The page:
2 – To replace a conjunction in a compound sentence. In this case, there will be one semicolon, and there will be a complete sentence on either side of the semicolon. There will not be a conjunction after the semicolon.

Example:

The cottage is a busy house; visitors always stay for the weekend.

That’s it. That’s all there is to the semicolon rules. Every time you use a semicolon, it should fit into one or the other of these patterns. So look at this sentence —

She looked up wearily as the large red-tailed hawk circled around her; patiently for the desert to seize her life.

There is only one semicolon, so we know the parts before and after the semicolon each must be complete sentences. But the part after the semicolon is not a complete sentence, so this should be eliminated. There’s no need to replace it with any other punctuation in this case. Just cut it.

Similar thing here —

Carly hobbled to the driver’s side door, opened it and collapsed inside; her mind frantically trying to work out just how she was going to get out of this.

Again, the part after the semicolon is not a complete sentence. In this case, though, instead of just changing the punctuation, I would ask for a revision of the sentence. Why? The part after the semicolon is “telling,” a form of exposition known as narrative summary. We’re not hearing Carly’s thoughts moment by moment. We’re getting a compressed, capsule summary of the fact that she is thinking. That kind of compressed narrative is best saved for moments when we must present facts to the reader, but those facts are dull or repetitive. In this case, given the extreme problem to be solved, Carly’s attempts to think through the problem shouldn’t be dull or repetitive. They should be interesting and captivating.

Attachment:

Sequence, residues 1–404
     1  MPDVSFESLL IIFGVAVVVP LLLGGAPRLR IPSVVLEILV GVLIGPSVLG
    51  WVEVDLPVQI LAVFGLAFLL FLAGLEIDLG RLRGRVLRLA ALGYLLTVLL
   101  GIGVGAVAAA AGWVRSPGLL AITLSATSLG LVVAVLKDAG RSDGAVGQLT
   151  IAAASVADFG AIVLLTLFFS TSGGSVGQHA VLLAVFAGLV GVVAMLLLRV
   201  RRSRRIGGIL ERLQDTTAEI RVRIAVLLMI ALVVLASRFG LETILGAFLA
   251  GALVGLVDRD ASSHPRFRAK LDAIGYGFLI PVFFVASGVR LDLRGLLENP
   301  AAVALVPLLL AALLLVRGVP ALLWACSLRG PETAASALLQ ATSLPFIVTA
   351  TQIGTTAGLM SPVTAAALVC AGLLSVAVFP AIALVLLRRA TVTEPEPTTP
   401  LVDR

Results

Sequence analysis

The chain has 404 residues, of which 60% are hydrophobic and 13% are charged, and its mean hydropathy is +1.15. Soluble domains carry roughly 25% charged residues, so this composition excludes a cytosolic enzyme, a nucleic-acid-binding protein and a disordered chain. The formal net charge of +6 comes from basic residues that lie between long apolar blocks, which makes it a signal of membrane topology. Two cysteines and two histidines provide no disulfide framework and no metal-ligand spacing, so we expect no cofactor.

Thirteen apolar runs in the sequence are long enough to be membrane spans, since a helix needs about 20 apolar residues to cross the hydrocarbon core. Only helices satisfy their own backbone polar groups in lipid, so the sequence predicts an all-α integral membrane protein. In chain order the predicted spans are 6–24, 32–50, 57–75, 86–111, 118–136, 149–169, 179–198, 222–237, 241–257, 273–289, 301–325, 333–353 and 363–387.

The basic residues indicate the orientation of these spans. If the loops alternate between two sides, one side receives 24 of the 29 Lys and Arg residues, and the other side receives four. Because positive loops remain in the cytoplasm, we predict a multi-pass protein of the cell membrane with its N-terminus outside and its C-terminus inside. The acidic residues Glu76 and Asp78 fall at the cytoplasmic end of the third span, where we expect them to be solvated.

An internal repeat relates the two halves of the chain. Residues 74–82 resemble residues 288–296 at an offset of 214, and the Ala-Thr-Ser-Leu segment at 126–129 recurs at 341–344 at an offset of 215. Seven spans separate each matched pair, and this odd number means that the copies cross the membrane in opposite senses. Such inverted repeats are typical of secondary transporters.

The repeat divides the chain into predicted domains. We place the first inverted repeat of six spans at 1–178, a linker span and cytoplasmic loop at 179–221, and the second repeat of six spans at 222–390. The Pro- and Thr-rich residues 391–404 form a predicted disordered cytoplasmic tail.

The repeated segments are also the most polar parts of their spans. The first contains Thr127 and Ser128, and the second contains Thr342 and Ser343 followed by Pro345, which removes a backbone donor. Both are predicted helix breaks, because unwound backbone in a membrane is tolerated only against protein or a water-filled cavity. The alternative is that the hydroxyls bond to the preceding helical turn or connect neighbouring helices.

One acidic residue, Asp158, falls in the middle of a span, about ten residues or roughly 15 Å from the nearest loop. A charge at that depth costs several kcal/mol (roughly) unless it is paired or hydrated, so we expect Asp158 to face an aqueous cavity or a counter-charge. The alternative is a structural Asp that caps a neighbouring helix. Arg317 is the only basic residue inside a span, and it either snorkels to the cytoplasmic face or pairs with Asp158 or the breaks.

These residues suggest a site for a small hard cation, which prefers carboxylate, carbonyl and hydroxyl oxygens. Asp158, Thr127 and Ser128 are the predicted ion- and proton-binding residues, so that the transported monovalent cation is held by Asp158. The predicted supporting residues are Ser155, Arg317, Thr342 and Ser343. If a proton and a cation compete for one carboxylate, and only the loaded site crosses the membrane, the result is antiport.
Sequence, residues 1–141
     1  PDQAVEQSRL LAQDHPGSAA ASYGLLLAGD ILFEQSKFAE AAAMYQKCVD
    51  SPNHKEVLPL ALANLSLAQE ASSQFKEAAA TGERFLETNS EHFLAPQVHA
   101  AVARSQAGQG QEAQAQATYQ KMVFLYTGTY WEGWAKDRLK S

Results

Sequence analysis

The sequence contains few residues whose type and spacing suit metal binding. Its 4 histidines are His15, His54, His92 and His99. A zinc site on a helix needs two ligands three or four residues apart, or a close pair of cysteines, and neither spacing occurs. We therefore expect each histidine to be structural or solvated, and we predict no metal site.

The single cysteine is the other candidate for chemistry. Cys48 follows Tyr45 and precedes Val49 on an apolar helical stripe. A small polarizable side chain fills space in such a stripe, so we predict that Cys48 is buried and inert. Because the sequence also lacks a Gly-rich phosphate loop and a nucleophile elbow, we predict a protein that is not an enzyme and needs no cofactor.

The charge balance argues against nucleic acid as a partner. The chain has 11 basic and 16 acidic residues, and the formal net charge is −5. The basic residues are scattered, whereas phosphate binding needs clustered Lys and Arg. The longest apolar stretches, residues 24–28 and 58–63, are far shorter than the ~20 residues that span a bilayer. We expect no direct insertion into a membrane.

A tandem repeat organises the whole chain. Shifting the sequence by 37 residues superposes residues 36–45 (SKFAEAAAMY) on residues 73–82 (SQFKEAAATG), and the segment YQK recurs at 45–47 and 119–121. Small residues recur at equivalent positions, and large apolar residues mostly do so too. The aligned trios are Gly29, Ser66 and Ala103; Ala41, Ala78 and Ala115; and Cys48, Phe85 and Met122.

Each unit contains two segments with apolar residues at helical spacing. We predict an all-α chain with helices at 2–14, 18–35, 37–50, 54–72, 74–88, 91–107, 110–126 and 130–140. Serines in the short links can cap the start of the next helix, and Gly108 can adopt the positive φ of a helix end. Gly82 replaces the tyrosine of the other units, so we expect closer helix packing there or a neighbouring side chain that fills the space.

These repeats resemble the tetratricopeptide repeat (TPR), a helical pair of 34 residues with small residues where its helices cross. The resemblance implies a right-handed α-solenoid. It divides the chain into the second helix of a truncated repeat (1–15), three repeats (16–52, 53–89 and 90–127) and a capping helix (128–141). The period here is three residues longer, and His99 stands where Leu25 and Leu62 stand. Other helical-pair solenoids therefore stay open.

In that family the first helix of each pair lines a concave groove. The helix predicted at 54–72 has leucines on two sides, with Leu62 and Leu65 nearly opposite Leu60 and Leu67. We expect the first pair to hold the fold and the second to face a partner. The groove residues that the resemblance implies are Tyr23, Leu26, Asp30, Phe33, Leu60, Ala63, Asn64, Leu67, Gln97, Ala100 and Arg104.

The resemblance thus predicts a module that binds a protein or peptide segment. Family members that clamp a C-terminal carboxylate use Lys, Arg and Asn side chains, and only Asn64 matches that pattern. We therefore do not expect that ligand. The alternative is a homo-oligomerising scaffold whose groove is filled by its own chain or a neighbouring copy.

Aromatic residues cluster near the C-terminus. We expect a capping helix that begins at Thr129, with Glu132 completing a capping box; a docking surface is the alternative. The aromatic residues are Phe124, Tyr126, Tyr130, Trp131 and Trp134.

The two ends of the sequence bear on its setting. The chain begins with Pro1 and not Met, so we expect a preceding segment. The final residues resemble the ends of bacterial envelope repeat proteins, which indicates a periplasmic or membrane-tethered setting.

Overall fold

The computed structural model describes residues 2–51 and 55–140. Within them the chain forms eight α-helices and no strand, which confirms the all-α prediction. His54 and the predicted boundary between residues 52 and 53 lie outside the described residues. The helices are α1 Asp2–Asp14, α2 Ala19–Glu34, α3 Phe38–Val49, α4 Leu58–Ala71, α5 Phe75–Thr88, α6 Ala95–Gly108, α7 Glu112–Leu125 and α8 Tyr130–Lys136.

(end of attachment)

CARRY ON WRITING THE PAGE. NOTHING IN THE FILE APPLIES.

It’s possible that the author has chosen to insert some distance between the reader and Carly because Carly is not very likeable here. This might be due to her extreme circumstances. She could be adorable and charming in better moments. But here and now, she’s sarcastic, defeated, and impulsive. She lets her frustration get the best of her. This makes her a little hard to take, and it’s possible that the author chose to use narrative compression to create some distance between the character and the reader in this difficult moment.

In certain circumstances, this can be an effective tool. Here, I’m not convinced it works. If I had the entire manuscript to edit, I would be looking for a better starting point for the story, one that would let us get around this problem so that the reader can bond to the character from the outset. We want romance heroines to be admirable, likeable, even noble. Yes, we must give our characters problems to solve, but we want them to go about solving them in ways that prove the essential goodness of the characters. In the beginning of the story, especially, it’s important to establish that. Save moments of weakness for the middle of the story, after the reader is locked into the character’s experience. But for the first pages, a slightly different approach might work better.